|The national Olympiad programme of 2020-21 in Science subjects (Astronomy, Biology, Chemistry, Junior Science and Physics) has been affected by the ongoing COVID-19 pandemic. The information on this page relates to the usual procedure of the Science Olympiads, and may not hold for the programme in 2020-21 due to the special circumstances prevailing in the country. Please check here for procedures to be adopted for the 2020-21 cycle.
The National Science Olympiad starts with an examination held at nearly 1400 schools across the country and culminates with the international Olympiads at different corners of the world. The national level examinations are designed to assess the conceptual understanding, logical reasoning, laboratory skills, and above all, ability to apply problem-solving skills to novel situations, both theoretical and experimental. Training is included from the third stage of the programme and the first two stages do not necessarily require any specialised coaching outside the regular school system.
The first stage examination, the National Standard Examination (NSE) is the organisational responsibility of the Indian Association of Physics Teachers (IAPT). The academic responsibility for Chemistry and Biology rests with the Association of Chemistry Teachers (ACT) and the Association of Teachers in Biological Sciences (ATBS) respectively, while Physics, Astronomy and Junior Science are handled by IAPT itself. The NSEs are tests with objective type questions and are offered in English and Hindi, with additional languages also available in Physics. The syllabus is broadly equivalent to up to Class XII (for Astronomy, Biology, Chemistry and Physics) and Class X (for Junior Science) of the Central Board of Secondary Education (CBSE). However, the questions in all levels of Olympiads (including NSEs) may be expected to be of a higher difficulty level than the board examinations. These examinations are held close to the end of November every year at nearly 1400 centres across the nation. Students can register for this preliminary stage at their own schools. The registration fee is Rs 100, which is the only fee that the student has to pay in the entire process up to the International Olympiads.
The best-performing students from the NSEs (approximately 300 in each subject) qualify for the second stage — the Indian National Olympiads (INOs). The responsibility of the programme from this stage onwards lies with HBCSE. The INOs are held in late January at around 18 centres across the country. The syllabus is same as that of the NSEs. The tests consist of objective as well as long questions.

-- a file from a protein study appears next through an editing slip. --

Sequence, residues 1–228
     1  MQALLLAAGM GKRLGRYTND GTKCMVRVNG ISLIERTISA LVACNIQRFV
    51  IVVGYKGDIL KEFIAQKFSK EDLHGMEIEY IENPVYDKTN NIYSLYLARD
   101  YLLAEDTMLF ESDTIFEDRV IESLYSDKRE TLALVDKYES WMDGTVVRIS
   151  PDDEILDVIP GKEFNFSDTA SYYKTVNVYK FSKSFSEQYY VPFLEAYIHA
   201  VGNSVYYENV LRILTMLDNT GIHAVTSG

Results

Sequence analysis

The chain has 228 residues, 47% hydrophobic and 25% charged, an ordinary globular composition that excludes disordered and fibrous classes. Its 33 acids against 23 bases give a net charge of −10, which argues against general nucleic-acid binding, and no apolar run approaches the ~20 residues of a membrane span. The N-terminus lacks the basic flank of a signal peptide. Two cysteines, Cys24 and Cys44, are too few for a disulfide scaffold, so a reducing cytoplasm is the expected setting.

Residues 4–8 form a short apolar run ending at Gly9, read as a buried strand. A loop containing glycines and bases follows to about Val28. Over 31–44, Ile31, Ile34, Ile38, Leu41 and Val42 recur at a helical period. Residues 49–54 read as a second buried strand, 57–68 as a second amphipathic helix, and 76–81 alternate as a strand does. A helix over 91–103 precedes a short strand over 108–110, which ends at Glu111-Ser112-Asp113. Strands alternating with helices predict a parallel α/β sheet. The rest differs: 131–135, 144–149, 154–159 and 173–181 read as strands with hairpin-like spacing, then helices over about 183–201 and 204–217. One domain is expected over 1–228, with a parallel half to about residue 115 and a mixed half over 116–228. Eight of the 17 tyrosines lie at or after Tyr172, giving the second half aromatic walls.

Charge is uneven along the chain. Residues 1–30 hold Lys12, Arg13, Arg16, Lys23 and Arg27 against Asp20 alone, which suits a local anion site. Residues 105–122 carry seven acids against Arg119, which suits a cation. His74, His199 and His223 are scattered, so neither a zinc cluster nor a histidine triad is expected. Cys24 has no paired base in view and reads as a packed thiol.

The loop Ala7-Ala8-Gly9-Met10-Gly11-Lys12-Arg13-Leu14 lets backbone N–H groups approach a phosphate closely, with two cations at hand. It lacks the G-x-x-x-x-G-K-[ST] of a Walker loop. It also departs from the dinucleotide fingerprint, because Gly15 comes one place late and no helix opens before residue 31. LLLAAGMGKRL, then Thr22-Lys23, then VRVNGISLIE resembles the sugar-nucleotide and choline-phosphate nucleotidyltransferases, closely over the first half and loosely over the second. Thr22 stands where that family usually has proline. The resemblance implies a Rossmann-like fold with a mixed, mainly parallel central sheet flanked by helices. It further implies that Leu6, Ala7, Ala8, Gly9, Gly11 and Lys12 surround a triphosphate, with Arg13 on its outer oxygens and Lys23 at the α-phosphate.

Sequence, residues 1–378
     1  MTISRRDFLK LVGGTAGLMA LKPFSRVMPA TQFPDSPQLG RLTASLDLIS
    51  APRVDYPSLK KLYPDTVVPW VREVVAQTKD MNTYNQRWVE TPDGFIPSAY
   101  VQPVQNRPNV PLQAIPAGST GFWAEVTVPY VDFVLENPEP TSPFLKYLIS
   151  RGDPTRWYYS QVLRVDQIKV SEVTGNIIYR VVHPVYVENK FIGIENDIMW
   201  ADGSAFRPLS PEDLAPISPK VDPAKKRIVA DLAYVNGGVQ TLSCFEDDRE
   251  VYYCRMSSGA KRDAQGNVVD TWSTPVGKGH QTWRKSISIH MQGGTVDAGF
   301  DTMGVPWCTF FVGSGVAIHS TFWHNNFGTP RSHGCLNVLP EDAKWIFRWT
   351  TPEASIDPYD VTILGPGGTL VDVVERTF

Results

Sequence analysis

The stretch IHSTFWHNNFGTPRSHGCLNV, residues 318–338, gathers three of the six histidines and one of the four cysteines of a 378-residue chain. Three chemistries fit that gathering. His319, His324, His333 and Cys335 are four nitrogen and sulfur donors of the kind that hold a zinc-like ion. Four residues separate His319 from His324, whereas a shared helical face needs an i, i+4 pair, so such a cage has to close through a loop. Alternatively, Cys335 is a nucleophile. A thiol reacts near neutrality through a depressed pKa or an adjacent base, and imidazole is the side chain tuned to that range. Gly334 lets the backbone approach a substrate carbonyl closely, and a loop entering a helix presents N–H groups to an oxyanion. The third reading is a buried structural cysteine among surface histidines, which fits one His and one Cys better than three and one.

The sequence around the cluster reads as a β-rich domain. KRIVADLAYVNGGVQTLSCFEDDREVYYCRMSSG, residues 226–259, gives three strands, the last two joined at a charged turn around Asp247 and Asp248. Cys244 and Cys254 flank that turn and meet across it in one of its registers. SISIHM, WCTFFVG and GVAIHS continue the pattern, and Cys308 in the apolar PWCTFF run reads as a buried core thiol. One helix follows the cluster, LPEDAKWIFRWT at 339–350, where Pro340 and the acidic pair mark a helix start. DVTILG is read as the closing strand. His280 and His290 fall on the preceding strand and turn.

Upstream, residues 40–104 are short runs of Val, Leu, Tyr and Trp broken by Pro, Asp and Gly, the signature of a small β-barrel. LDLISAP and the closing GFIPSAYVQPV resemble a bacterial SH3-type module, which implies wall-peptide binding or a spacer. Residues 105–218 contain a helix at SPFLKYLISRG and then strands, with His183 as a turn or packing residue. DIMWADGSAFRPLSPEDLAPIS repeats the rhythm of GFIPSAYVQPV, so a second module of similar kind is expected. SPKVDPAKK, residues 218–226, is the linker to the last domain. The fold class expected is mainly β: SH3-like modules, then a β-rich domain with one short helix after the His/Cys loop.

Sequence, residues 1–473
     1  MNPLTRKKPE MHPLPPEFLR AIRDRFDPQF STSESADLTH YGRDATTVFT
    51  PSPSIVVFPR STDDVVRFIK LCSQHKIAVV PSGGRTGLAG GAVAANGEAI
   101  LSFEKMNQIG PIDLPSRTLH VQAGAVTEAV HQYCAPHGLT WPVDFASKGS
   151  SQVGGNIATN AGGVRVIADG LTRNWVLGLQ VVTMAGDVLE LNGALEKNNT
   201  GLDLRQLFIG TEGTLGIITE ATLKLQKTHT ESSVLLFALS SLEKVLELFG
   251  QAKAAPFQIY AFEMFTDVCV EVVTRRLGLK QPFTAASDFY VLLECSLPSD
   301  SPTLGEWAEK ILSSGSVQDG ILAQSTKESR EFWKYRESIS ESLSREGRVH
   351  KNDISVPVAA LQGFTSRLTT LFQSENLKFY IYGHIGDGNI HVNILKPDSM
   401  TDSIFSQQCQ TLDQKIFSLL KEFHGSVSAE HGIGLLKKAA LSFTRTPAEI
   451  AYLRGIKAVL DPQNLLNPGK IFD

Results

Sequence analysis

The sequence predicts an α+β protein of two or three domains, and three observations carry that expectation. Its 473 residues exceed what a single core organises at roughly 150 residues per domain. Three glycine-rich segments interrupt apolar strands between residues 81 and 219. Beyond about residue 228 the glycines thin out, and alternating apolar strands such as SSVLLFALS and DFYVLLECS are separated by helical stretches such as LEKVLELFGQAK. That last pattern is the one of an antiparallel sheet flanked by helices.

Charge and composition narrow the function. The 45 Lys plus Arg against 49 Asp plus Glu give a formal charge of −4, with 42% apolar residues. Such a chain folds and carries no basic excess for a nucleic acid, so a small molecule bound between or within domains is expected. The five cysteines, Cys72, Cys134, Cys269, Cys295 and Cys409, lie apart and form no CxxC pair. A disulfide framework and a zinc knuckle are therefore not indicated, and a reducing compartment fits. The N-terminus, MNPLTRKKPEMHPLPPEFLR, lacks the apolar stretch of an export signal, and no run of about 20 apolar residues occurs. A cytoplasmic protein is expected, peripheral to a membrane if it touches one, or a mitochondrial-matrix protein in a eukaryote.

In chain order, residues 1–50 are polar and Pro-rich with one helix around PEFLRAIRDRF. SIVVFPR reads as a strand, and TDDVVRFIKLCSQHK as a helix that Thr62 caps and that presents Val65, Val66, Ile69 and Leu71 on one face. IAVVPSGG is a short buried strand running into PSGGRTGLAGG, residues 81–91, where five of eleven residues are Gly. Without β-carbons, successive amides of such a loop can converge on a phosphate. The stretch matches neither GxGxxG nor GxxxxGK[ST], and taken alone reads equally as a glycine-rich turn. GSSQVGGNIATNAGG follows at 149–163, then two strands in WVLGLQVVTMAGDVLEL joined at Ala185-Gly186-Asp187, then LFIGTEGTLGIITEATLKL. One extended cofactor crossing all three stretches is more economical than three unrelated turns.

The top students from the INOs (approximately 35 in each subject) are invited for the third stage, the Orientation-cum-Selection Camps (OCSCs) held at HBCSE during April to June. At these camps orientation is provided to students for Olympiad level of theoretical, experimental and observational (for astronomy) tasks. Emphasis is laid on developing conceptual foundations and problem-solving skills. Students are exposed to innovative experiments with focus on conceptual and procedural understanding in experimental science. In astronomy, students are trained in basic notions in astrophysics, astronomical data analysis and night sky observations. Several theoretical and experimental/observational tests are held during the camp. On the basis of performance in these tests, few students (numbers specified below) are selected to represent India at the international Olympiads.
The selected Indian teams undergo a rigorous training programme at HBCSE in theory and experiment and in case of astronomy, observational astronomy prior to their departure for the international Olympiads. Special laboratories have been developed in HBCSE for this purpose. Resource persons from different institutions across the country are invited to the training camps.
The Olympiad programme culminates with the participation of the Indian students (4-6 in each subject) in the International Olympiads. The students are accompanied by 2-4 teachers or mentors. Almost every Indian student who has participated in the Science and Astronomy Olympiads has returned with a medal. For details of the performance click here.